Bottom line: I like these jeans. I need them, and I am going to enjoy wearing them, even if there are people out there who would brand them as “Mom jeans.”
But this was not the only clothing-related epiphany I had. The other was that bit about dressing for the elements. We were actually quite lucky, as we had a lot of sun during our trip. Though temperatures dipped to the low fifties, they were usually in the mid sixties to seventies. There were entire days when no rain fell at all; when it did, it was often a light spray that ended quickly. If you’ve ever been to the Pacific Northwest, especially along the coast, you know it often showers like this several times a day. You also never know whether your scenic drive will involve a walk through town, a visit to a fabulous little coffee shop or casual restaurant, or a scramble over rocks to stroll on a (miraculously!) empty beach. I needed to be prepared for anything, which brings me to the outfit pictured here:
The jacket, jeans, and shoes can travel from beach to town — provided that I unroll the jeans, of course. (Beaches are sandy, you know). The leather sandals are a little clunky, but again, if the jeans are lowered to the proper length, they blend in. The fleece vest came off as soon as I got out of the chilly coastal breeze.
I know the pink rain slicker is far from stylish, but it can be rolled in a ball and thrown in the bottom of my bag, and it weighs nothing. It also wraps oh-so-fetchingly (!) around the waist. This is actually very useful because, even if it’s sunny when you start your trek down to the beach, it could rain at any moment. We took more than one walk during which the raincoat came on and off several times in less than thirty minutes. And once that rain starts, you don’t want to be climbing back up those rocks, running for cover.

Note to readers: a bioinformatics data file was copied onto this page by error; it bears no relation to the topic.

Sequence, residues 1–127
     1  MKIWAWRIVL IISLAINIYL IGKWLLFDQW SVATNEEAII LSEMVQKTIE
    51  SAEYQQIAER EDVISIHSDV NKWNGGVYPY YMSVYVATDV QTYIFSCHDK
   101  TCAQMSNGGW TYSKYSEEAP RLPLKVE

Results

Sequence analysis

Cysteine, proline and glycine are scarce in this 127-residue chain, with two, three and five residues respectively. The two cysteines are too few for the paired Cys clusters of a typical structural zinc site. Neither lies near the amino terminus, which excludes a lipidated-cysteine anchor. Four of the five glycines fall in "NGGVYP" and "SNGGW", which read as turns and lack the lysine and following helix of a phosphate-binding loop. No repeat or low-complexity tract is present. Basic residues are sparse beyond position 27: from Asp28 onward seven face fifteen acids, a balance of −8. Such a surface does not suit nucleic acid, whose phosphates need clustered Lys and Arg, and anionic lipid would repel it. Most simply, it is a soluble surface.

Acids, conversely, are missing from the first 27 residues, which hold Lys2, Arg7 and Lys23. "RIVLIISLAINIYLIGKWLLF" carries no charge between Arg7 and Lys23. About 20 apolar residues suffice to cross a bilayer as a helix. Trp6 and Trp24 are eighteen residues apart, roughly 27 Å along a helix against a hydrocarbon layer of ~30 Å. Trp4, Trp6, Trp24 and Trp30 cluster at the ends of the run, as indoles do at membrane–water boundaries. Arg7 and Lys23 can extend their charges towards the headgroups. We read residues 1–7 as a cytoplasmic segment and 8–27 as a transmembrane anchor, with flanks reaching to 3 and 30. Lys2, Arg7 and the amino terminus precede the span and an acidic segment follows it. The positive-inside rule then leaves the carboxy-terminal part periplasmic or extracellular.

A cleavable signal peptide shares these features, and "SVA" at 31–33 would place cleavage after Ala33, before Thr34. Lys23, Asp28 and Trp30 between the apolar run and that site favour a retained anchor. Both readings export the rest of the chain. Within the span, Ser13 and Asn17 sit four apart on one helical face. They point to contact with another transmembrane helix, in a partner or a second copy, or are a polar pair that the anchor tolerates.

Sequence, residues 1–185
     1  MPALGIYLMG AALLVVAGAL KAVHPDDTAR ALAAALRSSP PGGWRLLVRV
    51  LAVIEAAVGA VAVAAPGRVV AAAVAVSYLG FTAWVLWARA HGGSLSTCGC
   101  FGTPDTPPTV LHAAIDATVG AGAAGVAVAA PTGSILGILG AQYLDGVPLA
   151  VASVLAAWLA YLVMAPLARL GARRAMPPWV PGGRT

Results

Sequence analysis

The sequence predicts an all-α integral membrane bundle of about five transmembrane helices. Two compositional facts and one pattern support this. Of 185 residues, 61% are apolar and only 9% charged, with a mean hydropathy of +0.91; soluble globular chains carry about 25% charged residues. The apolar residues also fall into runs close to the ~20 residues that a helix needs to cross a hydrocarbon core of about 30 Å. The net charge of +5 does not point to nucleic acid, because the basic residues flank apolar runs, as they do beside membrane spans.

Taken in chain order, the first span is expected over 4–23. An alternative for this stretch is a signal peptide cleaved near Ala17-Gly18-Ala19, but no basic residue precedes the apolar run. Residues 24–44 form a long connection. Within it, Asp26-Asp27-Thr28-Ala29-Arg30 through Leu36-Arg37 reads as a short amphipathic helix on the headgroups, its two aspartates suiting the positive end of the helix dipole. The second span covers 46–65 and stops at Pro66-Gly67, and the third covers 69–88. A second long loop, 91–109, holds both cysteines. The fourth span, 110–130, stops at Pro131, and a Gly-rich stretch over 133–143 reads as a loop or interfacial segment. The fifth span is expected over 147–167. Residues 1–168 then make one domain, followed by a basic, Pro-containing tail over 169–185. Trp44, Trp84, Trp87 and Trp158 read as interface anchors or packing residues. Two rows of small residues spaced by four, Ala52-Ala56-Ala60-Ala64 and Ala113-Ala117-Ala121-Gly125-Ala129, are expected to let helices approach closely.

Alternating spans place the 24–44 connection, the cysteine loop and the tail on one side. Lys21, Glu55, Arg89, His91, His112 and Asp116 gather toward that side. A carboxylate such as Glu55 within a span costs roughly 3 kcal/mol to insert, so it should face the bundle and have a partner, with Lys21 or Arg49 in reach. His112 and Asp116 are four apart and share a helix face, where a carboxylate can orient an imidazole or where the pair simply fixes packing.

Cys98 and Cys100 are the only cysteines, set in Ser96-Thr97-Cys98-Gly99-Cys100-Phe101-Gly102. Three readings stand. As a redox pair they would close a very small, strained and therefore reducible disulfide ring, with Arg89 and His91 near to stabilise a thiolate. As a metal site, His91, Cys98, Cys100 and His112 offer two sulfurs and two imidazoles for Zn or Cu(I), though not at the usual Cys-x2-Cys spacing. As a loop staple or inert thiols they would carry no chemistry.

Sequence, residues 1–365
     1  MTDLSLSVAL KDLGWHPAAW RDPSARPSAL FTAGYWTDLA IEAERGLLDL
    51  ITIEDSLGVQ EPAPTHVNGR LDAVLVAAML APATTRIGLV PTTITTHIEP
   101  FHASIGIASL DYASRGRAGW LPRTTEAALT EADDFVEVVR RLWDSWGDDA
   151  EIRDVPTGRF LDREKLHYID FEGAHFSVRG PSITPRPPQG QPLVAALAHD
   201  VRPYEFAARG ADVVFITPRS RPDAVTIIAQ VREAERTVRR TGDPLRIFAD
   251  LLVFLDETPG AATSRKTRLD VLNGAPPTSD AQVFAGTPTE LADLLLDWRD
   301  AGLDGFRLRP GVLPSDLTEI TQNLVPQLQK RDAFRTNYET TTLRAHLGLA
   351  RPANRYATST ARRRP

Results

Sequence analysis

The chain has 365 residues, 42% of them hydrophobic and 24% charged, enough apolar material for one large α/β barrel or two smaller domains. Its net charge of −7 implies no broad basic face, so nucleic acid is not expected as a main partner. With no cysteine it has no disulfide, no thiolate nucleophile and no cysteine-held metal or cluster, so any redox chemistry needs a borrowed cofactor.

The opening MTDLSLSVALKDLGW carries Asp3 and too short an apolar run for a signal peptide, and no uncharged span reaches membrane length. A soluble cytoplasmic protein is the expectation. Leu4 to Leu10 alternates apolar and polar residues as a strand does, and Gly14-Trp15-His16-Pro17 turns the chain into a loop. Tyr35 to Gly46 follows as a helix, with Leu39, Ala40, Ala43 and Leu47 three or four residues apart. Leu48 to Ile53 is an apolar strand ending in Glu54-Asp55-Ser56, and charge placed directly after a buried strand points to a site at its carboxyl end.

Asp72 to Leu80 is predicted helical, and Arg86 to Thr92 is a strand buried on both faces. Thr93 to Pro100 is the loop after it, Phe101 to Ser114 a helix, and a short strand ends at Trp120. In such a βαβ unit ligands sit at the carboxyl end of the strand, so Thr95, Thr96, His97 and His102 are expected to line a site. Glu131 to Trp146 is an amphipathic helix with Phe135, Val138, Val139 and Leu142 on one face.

Once all the layers came off, I looked more like this:
Not a glamazon, by any stretch of the imagination. But still, in an area filled with casual, outdoorsy people doing rugged, athletic things in a natural setting beset by wind, rain, and constantly changing conditions, I felt like I could pretty much go anywhere.
Now, if I lived in the Pacific Northwest, a few things would have to change. I’d probably have to own something along these lines:
And perhaps, as well, some cool, outdoorsy, not-quite-sneakers, like these:
or perhaps these:
Because you know what happens when you wear open-toed shoes in a chilly rain? Your feet get cold. This is an obvious point that I still failed to anticipate, somehow.
In Oregon, people are quite casual, wearing their cool outdoorsy gear everywhere. They don’t look frumpy, just incredibly healthy and youthful and at home in nature. I know this, because while we were eating quite possibly the best restaurant meal I’ve ever had, I was sitting next to not one but two tables at which everybody was wearing jeans, windbreakers, and outdoorsy almost-sneakers.
Guess what? They swirled the Pinot Noir in their glasses just as expertly as the dressed-up folks. I am not kidding.
If I lived in a place like this, my perceptions of acceptable garb would have to change. But I promise you this: You will never, ever see me wearing my jeans together with the ugly running shoes. I will not waver; I will not settle. I am firm on this. Because everybody knows that nothing tips a not-quite-Mom-jean over into the Mom jean category faster than a clunky pair of sneakers.
I will not go gentle into that good night.
How does your personal style reflect the climate in which you live? Have you ever had to “recalibrate” your style in a new place? Be sure to visit “Visible Monday” over at Not Dead Yet Style, to see what all the fabulous women are wearing today!